The main difference between finishing a project and not is often confidence. The confidence we feel about our creative work is what keeps us going through the hiccups, the rough days, and the multiple revisions. It helps us make choices, stick with them, and show our work to other people. Confidence in our creativity is what gets us to write in the first place—and what sees us through to the end.
Friends, let me tell you, this month my creative confidence has been shaky.
It’s no great secret I’m a planner by nature. (Have you been around here for ten seconds? I talk about it constantly and probably have it documented in a spreadsheet.) I leave space in all my writing plans for some serendipitous pantsing—a connection or worldbuilding detail that blooms as I draft and will be folded in to enhance what’s already planned—but by and large, I draft an outline, I set a scene list, and I follow that basic structure.
The reason I follow that structure is not because that’s the way I should write, it’s because, largely, it’s a solid structure! I know what I’m doing when I plan out a story. I’ve internalized story structure through all my watching and reading and studying, so that when I record my plan and step through the story, everything makes sense and builds to satisfying climaxes and resolved character arcs. When I start rearranging the furniture as I draft, it becomes very obvious why I arranged the events in this order in the first place.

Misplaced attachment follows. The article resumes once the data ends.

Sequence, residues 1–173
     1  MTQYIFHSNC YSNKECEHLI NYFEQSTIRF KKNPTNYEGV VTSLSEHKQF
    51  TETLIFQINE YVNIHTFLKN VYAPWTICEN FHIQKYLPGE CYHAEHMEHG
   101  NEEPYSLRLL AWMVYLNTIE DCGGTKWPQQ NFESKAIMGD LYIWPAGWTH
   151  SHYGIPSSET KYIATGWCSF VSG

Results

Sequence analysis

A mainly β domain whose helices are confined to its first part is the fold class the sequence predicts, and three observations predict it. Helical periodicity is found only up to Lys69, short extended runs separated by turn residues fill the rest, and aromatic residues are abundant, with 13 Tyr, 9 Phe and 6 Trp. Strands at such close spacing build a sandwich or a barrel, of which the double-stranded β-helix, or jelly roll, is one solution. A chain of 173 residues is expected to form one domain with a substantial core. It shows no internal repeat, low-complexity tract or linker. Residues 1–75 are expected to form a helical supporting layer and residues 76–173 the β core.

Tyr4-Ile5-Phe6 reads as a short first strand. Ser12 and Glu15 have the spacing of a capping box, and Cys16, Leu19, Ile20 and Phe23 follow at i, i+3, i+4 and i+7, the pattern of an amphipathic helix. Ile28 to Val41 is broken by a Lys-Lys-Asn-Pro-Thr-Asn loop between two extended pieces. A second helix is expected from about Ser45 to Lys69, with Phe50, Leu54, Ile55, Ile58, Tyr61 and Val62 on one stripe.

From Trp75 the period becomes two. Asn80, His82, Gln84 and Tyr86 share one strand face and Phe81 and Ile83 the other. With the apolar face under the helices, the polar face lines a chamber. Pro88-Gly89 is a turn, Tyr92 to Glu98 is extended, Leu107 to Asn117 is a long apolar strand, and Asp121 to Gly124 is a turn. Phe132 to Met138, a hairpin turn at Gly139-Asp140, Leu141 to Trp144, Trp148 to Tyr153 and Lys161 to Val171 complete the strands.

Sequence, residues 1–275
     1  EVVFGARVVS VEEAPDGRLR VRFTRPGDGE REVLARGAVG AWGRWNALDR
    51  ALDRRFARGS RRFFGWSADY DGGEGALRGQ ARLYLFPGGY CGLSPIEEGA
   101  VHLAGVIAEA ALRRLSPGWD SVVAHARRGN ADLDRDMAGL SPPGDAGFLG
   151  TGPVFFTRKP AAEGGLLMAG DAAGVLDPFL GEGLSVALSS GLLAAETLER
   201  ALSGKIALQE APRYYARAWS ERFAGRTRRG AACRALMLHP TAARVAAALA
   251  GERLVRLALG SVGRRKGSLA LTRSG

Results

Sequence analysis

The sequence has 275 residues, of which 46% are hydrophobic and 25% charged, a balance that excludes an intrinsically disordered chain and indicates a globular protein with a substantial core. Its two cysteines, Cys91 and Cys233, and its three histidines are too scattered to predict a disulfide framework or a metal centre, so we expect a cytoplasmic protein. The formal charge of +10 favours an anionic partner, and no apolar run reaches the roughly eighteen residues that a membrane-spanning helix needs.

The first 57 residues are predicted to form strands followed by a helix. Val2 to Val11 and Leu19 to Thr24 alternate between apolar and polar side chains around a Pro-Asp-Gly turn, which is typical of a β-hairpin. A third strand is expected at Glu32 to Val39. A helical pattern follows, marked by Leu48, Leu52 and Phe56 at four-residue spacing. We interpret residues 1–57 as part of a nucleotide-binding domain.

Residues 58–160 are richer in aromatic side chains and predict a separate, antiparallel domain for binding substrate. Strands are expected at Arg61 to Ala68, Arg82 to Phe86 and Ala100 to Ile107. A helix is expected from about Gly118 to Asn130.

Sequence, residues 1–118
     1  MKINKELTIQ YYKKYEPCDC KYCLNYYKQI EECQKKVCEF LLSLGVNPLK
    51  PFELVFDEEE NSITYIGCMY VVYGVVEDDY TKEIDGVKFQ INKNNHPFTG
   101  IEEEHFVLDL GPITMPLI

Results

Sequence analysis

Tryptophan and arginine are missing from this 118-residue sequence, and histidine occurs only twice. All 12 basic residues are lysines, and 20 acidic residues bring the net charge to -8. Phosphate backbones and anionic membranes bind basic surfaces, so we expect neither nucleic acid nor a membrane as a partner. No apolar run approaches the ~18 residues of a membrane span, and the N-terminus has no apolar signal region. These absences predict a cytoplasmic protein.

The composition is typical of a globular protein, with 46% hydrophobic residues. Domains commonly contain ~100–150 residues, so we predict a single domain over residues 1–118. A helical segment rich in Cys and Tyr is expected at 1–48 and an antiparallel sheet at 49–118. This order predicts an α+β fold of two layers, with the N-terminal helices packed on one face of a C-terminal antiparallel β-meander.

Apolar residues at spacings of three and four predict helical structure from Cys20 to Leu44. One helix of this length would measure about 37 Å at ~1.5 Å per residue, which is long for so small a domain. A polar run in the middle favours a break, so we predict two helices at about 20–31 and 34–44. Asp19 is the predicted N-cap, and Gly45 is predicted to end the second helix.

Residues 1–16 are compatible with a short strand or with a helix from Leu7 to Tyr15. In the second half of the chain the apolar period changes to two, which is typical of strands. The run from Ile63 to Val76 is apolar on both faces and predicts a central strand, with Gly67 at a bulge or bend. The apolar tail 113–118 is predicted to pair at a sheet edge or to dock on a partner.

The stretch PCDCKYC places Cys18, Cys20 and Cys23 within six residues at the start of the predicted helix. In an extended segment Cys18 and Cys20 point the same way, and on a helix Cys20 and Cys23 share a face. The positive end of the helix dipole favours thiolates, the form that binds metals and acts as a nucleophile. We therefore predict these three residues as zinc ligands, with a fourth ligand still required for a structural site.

It’s been frustrating this month when my brain just hasn’t wanted to write the scene that way. When I get stuck in a moment and can’t find my way out without inventing a new twist or direction in the plot. When I think the timeline is both too long and too short because (wait for it)… I lost my creative confidence.
The problem isn’t that my story plan was wrong or weak or lacking in any way. My problem is that I’m having difficulty in other areas of my life and it’s shaking my confidence. Since writing comes from our emotions and current headspace, mental health is key to a writer’s ability to write. When stress, anxiety, or depression affects us, it can stop us in our tracks in huge ways unless we can find some way to maintain our creative confidence.
I’m regaining it in fits and spurts—and I’m almost through this chapter that’s been plaguing me—but creative confidence is an ongoing struggle. If you’ve been struggling with your confidence, I hope you can find some solace in knowing you’re not the only one and I hope you find your confidence again soon.
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